Manuel A. Noriega’s taped prison conversations were apparently leaked to CNN by a person assisting the Drug Enforcement Administration, a federal source said.
The Miami Herald on Saturday identified the source of the leak as Jose I. Blandon, a longtime political opponent of the former Panamanian leader and a potential witness against him.
The FBI is trying to determine who gave the tapes to the network, which aired some of them over the last month.
The Cable News Network’s broadcasts of the tapes, including one that contained conversations between Noriega and his attorney’s office, triggered a court battle over CNN’s right to publish versus Noriega’s right to a fair trial.
U.S. District Judge William M. Hoeveler determined there was nothing in the tapes that would jeopardize Noriega’s right to a fair trial, and transcripts of the tapes were released Thursday.
CNN has refused to say how its reporter in Panama obtained the tapes, which were made at the Metropolitan Correctional Center in Miami. The prison records telephone conversations of all inmates.
The DEA subpoenaed 162 tapes of Noriega’s conversations in its efforts to obtain more evidence. Between Feb. 1 and Nov. 8, Noriega made about 1,400 calls, the newspaper reported.
Quoting unidentified sources, the Herald reported that Blandon assisted the DEA in evaluating the tapes. Blandon is a one-time senior intelligence officer in Panama and Panama’s consul general in New York. He testified before a Senate committee in 1988 that his former boss protected U.S.-bound cocaine shipments.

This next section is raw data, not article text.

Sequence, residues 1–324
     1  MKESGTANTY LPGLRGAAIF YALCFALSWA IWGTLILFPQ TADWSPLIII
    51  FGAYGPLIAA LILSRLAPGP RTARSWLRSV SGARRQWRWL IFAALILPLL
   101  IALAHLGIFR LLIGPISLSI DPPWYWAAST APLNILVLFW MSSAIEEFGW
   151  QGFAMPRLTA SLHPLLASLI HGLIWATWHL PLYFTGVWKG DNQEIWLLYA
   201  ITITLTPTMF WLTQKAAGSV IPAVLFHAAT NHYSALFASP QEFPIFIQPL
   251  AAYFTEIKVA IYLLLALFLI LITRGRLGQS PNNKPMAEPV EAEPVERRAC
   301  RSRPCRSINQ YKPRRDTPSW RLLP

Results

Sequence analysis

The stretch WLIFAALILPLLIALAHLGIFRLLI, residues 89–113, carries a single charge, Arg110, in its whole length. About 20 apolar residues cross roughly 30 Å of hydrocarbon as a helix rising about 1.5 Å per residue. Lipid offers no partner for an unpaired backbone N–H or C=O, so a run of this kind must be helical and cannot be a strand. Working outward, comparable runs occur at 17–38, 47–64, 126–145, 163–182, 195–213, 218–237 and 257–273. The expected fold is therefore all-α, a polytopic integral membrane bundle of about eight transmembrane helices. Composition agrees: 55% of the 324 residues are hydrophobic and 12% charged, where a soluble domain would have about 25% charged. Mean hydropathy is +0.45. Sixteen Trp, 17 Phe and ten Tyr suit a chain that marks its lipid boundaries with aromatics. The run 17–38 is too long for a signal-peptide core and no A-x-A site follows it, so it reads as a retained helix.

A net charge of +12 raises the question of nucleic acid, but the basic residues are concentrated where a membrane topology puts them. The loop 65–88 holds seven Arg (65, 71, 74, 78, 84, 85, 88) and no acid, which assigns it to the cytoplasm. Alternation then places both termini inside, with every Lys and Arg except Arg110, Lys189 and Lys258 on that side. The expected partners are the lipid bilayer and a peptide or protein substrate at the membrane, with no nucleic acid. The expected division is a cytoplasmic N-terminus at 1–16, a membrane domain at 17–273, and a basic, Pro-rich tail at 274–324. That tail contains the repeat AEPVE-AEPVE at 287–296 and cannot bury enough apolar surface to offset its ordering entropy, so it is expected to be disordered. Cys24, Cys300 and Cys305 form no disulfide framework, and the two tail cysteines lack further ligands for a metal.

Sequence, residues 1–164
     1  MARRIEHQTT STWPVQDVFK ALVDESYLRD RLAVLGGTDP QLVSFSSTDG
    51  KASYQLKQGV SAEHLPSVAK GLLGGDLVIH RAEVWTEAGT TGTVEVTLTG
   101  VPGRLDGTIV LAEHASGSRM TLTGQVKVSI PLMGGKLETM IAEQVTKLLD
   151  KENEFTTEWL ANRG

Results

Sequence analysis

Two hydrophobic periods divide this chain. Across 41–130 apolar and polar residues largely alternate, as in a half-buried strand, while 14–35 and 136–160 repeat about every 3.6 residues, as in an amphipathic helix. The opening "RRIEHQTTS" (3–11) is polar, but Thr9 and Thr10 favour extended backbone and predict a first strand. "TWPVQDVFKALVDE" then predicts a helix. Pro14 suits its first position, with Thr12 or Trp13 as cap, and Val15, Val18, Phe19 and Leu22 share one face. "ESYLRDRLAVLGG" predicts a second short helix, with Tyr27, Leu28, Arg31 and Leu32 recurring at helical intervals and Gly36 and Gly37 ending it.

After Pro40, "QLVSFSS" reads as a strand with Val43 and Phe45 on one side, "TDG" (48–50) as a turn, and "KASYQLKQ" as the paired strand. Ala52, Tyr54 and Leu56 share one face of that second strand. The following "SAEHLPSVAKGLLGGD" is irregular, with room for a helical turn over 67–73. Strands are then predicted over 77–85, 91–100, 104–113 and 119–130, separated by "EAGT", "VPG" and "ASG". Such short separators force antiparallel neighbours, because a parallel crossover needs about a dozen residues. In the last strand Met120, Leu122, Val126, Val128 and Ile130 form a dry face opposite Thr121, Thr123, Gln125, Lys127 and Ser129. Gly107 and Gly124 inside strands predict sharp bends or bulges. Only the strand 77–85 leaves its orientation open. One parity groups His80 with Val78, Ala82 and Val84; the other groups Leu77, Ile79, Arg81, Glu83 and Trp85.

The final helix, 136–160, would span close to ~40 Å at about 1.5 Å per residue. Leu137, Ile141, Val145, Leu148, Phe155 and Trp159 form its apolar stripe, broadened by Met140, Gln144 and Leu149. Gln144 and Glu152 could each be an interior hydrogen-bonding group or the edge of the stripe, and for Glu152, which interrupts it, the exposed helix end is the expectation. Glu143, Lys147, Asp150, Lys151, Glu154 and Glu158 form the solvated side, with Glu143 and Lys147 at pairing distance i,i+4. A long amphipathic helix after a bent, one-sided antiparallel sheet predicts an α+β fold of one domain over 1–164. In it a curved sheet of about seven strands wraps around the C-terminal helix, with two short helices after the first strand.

The deposed dictator’s taped conversations were filled with code words that the DEA hoped Blandon could help crack.
Noriega’s attorneys have filed a defense motion with Hoeveler asking that the indictment be dismissed on the grounds that the government eavesdropped on a privileged attorney-client phone call, froze Noriega’s money so he could not pay for his defense and tried to entrap his attorneys with a bribery offer.
In the prosecution’s response filed Friday, U.S. attorneys said the defense provided no evidence on the bribery charge and the government was acting in good faith to unfreeze some money that could be used to pay Noriega’s legal fees.
“The United States maintains that no privileged calls were ever taped because Noriega was fully advised that all of his telephone calls would be monitored unless he followed a specific procedure for privileged calls to his lawyer,” U.S. Atty. Dexter Lehtinen said. “Noriega never invoked that procedure, therefore, all of his calls were properly monitored.”
Noriega is awaiting trial on charges of taking $4.6 million in payoffs to protect the cocaine trade passing through Panama from Colombia to the United States.